Update 7/27/13 9:00 p.m.:  The Standard is all over this story too:

Tuesday, July 23, 2013

John Swallow News Roundup - Episode XXXVI: Weeding Out the Conflicts and Threats - Updated

Odd that Committee Chairman Snow failed to inform Speaker Lockhart of his potential conflict, No?

Here's the latest from the John Swallow Three-ring Circus, folks:

The ever-savvy Utah political blogger Daniel Burton wonders: "Could Utah Attorney General John Swallow be preparing to sue the state for civil rights violations if he is impeached?":
The Tribune fleshes out the profiles of the nine committee members who'll conduct the the Swallow investigation:
The above investigative committee roster may not be "chiseled in granite" however, as the Trib reports that "House Speaker Becky Lockhart met Monday with [Committee Chairman] Rep. Lowry Snow, but said she hasn’t decided whether legal work he did for a key player in the John Swallow scandal will prompt her to replace the St. George lawmaker as head of the House committee investigating Utah’s top law-enforcement officer":
Careful and prudent lawyers routinely resort to extreme measures to detect potential conflicts of interest in their own law practices.  Odd that Rep. Snow failed to inform Speaker Lockhart of this potential problem prior to his appointment, No?

Update 7/23/13 11:29 a.m.: Breaking: We've just learned from Utah Political Capitol that "[t]he Lieutenant Governor's office has announced they have hired the huge lawfirm Snell & Wilmer to investigate Alliance for a Better UTAH's elections-fraud complaints against Attorney General John Swallow. According to UPC's initial search of the lawfirm's 200+ partners, there were 0 direct donations made to Swallow's election campaign."

Update 7/23/13 12:28 p.m.:  Great graphic:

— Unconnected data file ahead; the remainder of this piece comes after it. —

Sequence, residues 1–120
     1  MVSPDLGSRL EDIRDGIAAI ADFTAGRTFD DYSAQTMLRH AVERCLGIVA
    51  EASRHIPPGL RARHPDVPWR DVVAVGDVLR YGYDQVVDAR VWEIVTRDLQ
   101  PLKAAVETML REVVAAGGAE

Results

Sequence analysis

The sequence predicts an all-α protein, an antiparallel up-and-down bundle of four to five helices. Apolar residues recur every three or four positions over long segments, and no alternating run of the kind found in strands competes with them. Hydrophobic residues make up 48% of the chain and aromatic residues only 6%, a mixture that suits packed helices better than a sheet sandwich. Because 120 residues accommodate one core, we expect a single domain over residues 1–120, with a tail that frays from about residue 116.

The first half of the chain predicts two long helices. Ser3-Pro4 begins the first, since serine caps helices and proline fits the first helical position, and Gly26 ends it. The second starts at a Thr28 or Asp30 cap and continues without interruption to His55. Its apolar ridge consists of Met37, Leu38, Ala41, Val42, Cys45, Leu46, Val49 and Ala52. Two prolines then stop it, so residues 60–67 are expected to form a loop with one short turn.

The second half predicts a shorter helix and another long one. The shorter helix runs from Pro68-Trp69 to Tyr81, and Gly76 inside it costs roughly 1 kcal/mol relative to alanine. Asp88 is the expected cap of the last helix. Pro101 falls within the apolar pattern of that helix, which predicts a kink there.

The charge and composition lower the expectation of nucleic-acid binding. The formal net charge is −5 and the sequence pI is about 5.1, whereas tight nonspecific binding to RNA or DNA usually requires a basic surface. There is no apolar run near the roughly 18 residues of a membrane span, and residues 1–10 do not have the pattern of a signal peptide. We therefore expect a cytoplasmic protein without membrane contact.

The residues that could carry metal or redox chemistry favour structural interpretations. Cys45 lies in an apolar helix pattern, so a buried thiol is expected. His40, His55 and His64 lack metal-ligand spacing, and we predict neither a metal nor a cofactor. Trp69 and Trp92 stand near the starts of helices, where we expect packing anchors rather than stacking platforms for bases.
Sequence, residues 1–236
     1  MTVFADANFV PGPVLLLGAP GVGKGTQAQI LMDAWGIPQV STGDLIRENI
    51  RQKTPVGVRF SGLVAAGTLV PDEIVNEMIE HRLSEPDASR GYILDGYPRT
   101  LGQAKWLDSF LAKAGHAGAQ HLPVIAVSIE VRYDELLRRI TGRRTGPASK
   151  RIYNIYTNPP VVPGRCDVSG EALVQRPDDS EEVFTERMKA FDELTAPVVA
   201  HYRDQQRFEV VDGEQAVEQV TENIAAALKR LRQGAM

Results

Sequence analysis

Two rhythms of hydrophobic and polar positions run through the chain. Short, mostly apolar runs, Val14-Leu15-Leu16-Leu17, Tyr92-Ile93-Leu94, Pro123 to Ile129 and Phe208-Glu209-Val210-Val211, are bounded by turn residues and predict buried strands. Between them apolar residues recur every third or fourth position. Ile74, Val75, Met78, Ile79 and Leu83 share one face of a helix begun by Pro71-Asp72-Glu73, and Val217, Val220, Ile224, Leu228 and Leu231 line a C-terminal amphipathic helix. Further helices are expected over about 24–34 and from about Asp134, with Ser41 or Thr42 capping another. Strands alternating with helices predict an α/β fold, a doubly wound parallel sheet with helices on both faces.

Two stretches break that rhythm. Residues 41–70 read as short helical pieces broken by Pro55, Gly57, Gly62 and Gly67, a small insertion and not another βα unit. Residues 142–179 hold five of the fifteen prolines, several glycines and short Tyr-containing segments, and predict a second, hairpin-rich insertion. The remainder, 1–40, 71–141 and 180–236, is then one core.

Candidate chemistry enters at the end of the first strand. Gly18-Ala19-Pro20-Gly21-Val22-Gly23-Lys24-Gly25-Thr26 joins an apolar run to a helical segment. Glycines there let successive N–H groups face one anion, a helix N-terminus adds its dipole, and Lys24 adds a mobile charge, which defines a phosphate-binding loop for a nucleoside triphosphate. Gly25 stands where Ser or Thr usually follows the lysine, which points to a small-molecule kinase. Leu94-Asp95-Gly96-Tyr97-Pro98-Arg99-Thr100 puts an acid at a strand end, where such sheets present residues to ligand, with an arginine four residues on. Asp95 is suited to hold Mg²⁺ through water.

Update 7/24/13 5:00 a.m.: The Standard confirms the above-referenced UPC report, which first broke the story concerning the retention of the Snell & Wilmer law firm:

Sunday, July 21, 2013

Standard-Examiner Editorial - Our View: Keep Education Compulsory - Updated

"Making education for children an elective is dumb public policy," says the Standard-Examiner.

As a followup to our min-rant of July 14, wherein we slammed certain "right wing Utah hippie fruitcakes," who've been recently floating the idea of  "making Utah schools voluntary rather than compulsory," the Standard-Examiner carries a strong editorial in this morning's hard-copy edition, giving this knuckle-headed idea a no-nonsense thumbs-down
Coincidentally and parenthetically, The Salt Lake Tribune also chimes in this morning with a similar take:
Of course in our view, the Standard and the Trib editorial boards get it pretty much exactly right.

As Ogden City Council candidate Stephen Thompson succinctly opined during last Wednesday night 's Meet the Candidates event, abandoning compulsory education would be a sure-fire way to turn the U.S.A. into a "third world country," a sentiment with which we also heartily agree.

As an added bonus, here's a rippingly-good Youtube video, provided by yet another sharp-eyed and alert WCF reader, who helpfully furnishes this introduction: "Best argument for compulsory education yet. Every student returning to school should watch this motivating video, along with every tax payer that is paying for that education. Thanks John Green. Not only a great author, but a philosopher and poet as well":


"Making education for children an elective is one of those ideas that is great fodder for a several-hour bull session with other political junkies. But it’s dumb public policy, and we trust that the vast majority of Utah Legislature are wise enough to deflate this balloon," says the Standard-Examiner.

We couldn't be more in agreement.

So what about it, O Gentle Readers?  Is Utah Senator Aaron Osmond simply "batshit crazy," or is he merely trying to start an intelligent discussion, as the Trib half-heartedly suggests?